An AdWeek blogger is one of those who doesn’t like a new pro-life billboard now on display in Toronto, Canada:
Toronto’s Niagara Region Right to Life organization blames abortion for the “coarsening of politics and civic life,” but they’re the ones guilt-tripping people with sad-toy-themed billboards a week before Christmas.
If this is the only alternative to all the inappropriately sexual Christmas ads I’ve been seeing, then bring on the smut.
Niagara Region Right to Life’s Suresh Dominic told me this morning the organization gets calls from both sides, supporters and opponents, when it erects its controversial crying toy billboard for a month each Christmas season, which it has been doing for five years.
“The other side is angry, but we are not angry,” said Dominic, who added the billboard wins converts.
“I got a call last year from a young doctor who was upset, telling me this should not go up at Christmas time, there are too many children going hungry and homeless,” said Dominic. “I asked her, because she was a doctor, ‘Do you believe live begins at the moment of conception?’ Finally she agreed and had a conversion of heart.”
Actually, this billboard concept has been around awhile. Wrote Dave Andrusko of National Right to Life today:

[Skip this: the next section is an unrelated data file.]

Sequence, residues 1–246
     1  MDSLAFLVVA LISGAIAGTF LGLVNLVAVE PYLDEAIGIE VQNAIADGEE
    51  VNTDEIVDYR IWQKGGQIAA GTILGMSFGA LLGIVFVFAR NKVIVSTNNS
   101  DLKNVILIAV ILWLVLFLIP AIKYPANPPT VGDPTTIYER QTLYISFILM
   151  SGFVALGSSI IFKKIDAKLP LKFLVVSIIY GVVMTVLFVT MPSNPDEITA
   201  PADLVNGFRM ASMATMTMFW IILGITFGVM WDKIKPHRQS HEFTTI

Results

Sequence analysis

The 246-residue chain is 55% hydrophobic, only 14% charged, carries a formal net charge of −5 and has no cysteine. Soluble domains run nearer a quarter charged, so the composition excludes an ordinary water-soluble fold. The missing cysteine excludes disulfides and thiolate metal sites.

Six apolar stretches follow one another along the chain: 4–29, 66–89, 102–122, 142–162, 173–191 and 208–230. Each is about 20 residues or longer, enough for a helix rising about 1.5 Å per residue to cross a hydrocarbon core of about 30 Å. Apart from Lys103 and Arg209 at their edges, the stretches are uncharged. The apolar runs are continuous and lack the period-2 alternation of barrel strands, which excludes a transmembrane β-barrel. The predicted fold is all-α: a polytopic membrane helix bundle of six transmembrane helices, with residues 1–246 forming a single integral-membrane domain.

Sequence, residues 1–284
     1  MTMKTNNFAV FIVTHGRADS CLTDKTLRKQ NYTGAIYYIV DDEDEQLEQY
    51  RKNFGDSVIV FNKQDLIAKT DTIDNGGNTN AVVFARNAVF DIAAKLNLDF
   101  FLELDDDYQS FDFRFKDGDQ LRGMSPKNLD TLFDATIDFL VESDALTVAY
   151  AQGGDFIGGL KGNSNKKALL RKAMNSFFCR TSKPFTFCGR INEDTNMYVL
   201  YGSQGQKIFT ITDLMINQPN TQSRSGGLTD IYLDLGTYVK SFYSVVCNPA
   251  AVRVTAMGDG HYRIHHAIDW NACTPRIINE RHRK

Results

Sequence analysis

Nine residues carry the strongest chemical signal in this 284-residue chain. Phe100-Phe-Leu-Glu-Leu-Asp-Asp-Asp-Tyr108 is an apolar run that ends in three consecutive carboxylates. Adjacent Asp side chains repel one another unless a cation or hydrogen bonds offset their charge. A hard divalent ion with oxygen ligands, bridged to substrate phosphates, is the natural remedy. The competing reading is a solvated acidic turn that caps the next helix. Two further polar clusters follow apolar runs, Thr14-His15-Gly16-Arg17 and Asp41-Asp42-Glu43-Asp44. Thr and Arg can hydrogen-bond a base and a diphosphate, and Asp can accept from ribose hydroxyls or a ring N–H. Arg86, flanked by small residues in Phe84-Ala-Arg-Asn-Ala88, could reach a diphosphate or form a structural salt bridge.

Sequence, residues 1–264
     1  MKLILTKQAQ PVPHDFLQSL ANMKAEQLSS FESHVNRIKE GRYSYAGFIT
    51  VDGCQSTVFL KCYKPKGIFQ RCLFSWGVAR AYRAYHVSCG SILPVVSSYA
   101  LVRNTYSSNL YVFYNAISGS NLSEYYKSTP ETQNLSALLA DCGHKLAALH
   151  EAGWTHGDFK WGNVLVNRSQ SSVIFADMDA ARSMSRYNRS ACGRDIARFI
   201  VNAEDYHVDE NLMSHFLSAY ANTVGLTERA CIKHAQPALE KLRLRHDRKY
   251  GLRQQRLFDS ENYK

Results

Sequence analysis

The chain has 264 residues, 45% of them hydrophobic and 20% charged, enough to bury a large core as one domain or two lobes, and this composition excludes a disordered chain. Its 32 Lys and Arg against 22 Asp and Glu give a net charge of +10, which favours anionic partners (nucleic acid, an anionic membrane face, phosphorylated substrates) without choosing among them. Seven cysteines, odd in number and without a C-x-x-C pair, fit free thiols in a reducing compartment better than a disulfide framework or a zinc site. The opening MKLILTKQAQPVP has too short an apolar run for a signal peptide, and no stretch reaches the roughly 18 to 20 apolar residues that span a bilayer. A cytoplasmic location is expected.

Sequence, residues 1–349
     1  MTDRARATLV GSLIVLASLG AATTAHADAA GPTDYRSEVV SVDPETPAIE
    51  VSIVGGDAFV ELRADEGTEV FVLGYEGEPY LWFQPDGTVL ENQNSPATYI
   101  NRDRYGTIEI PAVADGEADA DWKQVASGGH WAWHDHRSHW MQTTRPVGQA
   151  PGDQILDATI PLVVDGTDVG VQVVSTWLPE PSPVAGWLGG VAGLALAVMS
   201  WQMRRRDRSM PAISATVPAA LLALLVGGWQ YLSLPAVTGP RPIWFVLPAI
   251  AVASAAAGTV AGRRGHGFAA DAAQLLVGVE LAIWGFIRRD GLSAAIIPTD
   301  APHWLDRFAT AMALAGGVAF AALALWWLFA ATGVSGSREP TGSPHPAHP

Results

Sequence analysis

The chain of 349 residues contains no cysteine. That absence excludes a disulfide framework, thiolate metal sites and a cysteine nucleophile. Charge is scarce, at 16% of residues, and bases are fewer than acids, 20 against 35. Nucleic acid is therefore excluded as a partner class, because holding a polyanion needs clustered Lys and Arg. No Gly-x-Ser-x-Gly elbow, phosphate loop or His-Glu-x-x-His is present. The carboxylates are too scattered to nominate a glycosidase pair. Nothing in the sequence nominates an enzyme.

“Some Toys Will Have Fewer Children to Play With this Year” is not a new billboard. I took a few minutes out and found (to my surprise) that we first ran this image on the back cover of National Right to Life News on December 7, 1981, three months after I had become editor!
I am not kidding when I say that over the years the billboard has evoked some of the worse responses from our benighted opposition that I’ve ever read. Why do pro-abortionists rage against the Toy soldier?…
As a friend described it to me, “The billboard drives the pro-choice side crazy and makes pro-lifers smile because of the implicit message that children are delightfully winsome creatures who play with toys and bring joy and innocence into this jaded and materialistic world.”
Reprinted with permission from JillStanek.com